© 2013 MLB Advanced Media, L.P. All rights reserved.

02/21/2013 6:08 PM ET

Whitenack making progress on comeback trail

MESA, Ariz. -- Robert Whitenack is happy to be back in games that matter.

Whitenack began the 2011 season 7-0 with a 1.93 ERA, then was sidelined with an elbow injury that required Tommy John surgery. Last season, he appeared in 15 games for Class A Daytona in the first part of his comeback.

On Thursday, Whitenack, 24, gave up one run on one hit and walked two over two innings in the Cubs' intrasquad game at HoHoKam Stadium. How's the arm feeling?

"It's better," said the right-hander, who was the Cubs' eighth-round Draft pick in 2009. "I have to adjust my release point. Now that my arm has full extension, I have a different release point. I have to adjust a little on the fly. But it's feeling really good -- I just have to take a step back and realize it's very early. It's hard not to let it go because it hasn't felt good in 18 months."

He retired the first three batters he faced on Thursday, then gave up a leadoff double to Welington Castillo, walked two, including Jorge Soler, and got Javier Baez to hit into a force at second, which allowed a run to score.

Whitenack wasn't hesitant to start throwing.

"I wouldn't say tentative, but I was kind of scared a little bit to let it go," he said. "When I'd come down here, I'd feel something in there, just a little ache, and I was a little apprehensive to throw. Now I don't feel it, and I'm just letting it rip, letting it go."

Besides regaining a feel for his pitches, Whitenack also is trying to gain weight. He checked in at 184 pounds when he arrived in camp. He's consuming an extra 1,300 calories a day, drinking five shakes a day.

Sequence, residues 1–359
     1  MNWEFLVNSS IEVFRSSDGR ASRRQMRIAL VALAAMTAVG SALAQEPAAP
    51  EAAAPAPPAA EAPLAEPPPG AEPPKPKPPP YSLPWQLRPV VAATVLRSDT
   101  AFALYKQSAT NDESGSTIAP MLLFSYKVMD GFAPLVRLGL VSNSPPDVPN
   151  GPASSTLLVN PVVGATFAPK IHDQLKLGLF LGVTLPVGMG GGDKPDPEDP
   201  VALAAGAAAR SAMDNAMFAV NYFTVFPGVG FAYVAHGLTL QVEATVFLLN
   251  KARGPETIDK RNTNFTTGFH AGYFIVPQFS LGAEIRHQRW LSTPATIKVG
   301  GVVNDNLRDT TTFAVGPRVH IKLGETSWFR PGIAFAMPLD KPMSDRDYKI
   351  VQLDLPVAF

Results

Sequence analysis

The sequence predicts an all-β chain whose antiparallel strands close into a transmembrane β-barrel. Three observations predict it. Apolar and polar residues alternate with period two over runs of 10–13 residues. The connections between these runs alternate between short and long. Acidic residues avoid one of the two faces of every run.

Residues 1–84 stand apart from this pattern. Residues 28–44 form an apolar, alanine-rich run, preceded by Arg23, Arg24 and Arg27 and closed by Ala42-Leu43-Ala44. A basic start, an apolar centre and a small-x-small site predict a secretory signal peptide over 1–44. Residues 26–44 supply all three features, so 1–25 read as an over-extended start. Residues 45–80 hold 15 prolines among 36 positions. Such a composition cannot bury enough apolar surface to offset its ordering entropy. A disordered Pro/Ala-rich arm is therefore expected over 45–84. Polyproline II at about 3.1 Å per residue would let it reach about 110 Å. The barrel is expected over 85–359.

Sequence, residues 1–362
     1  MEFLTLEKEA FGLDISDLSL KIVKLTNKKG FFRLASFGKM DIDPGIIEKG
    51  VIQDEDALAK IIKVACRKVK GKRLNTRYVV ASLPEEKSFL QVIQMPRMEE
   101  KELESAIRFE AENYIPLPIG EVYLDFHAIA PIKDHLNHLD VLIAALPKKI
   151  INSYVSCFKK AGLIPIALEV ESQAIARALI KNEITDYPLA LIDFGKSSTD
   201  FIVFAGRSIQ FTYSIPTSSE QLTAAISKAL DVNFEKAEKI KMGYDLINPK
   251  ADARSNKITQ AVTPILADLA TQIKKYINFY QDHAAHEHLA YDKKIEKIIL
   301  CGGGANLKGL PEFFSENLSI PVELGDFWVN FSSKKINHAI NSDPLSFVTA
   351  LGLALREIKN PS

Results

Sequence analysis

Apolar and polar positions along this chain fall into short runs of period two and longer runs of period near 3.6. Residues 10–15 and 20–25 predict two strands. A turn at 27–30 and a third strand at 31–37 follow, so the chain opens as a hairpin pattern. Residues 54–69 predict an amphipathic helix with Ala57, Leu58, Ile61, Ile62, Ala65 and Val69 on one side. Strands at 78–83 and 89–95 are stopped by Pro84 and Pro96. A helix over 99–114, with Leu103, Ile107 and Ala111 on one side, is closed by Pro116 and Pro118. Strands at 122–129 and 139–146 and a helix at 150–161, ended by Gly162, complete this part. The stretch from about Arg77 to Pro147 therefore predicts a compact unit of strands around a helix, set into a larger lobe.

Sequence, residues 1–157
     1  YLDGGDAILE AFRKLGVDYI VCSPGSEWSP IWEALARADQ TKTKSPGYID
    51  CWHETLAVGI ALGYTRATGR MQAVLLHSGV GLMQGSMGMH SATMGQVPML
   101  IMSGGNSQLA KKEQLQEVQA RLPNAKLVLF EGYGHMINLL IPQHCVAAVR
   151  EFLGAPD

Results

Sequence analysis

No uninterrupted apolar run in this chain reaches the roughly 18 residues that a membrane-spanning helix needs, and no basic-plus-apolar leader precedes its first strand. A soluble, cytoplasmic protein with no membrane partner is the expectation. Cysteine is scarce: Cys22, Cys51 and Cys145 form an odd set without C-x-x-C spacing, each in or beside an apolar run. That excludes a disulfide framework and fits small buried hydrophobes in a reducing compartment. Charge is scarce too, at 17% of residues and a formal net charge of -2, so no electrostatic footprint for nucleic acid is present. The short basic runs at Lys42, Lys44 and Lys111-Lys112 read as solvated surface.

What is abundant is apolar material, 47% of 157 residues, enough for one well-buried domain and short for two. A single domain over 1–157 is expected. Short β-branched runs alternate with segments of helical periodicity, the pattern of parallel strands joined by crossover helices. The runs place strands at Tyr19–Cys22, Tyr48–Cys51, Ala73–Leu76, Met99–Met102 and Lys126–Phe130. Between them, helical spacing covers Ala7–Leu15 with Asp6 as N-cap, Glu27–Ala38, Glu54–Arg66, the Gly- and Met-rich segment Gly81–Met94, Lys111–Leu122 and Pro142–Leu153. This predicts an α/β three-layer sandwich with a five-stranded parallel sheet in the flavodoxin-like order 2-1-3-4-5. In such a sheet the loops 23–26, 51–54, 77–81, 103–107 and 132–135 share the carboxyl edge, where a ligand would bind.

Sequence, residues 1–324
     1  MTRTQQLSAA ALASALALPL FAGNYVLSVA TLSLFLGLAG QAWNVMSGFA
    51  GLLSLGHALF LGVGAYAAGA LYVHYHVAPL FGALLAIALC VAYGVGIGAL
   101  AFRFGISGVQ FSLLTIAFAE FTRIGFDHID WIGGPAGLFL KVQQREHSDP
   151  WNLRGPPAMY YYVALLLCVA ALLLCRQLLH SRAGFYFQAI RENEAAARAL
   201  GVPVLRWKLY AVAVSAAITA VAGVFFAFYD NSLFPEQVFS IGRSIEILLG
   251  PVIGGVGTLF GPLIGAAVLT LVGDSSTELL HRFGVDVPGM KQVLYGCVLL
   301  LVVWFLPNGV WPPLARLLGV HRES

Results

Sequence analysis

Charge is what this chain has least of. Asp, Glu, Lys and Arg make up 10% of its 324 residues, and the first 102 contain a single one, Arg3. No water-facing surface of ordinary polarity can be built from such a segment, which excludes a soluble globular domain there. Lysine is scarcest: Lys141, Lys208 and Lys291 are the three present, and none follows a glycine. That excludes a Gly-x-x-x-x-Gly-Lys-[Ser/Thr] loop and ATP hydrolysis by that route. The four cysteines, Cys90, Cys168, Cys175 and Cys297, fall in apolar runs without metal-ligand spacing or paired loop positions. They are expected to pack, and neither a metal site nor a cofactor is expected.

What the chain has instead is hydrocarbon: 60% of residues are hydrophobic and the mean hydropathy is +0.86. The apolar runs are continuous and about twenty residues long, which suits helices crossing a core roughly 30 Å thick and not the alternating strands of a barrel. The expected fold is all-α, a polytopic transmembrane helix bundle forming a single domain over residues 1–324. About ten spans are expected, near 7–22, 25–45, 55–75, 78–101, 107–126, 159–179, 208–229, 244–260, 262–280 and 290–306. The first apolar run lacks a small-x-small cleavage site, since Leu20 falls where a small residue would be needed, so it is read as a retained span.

"I'd like to be 200 [pounds]," Whitenack said. "Whatever I'm at, if I'm 185 [pounds], I want to be a strong 185. The weight to me doesn't matter -- you can be 200 pounds and not strong. Whatever weight I'm at, I want to be strong."

Unconventional delivery works well for Lewis

MESA, Ariz. -- Jensen Lewis is among the pitchers scheduled to throw in the Cubs' intrasquad game Friday at HoHoKam Stadium, and fans who may not be familiar with the right-hander should be able to recognize him quickly. He's the one with the high socks and the herky-jerky delivery.

It's a style Lewis has used since he first started pitching. He even throws a football the same way.

"The most improtant thing is it creates a lot of deception and it's hard for hitters to pick up," said Lewis, a non-roster invitee in camp. "That's important to keep guys off balance. It's something I've always had through college and through the Minor Leagues and stuff. I've been fortunate that most of my pitching coaches have said, 'Hey, if it works for you, just keep it going.'

"I think the thing that's come back to me is in talking to hitters, trying to figure out ways to get better, is it's hard to pick it up and that's fine with me," he said. "It's worked so far."

Lewis, 28, came up through the Indians system, and compiled a 7-11 record and 3.68 ERA in 161 games from 2007-10. He has not pitched in the big leagues since '10, and last year, pitched for the D-backs' Triple-A Reno team, where he was 7-2 with a 3.65 ERA in 52 games.

"God willing, I've stayed healthy," Lewis said. "It's something where everybody has their own unique delivery and this is something I've embraced and I haven't known anything any different. When you've done it that way your entire life, you're just used to it."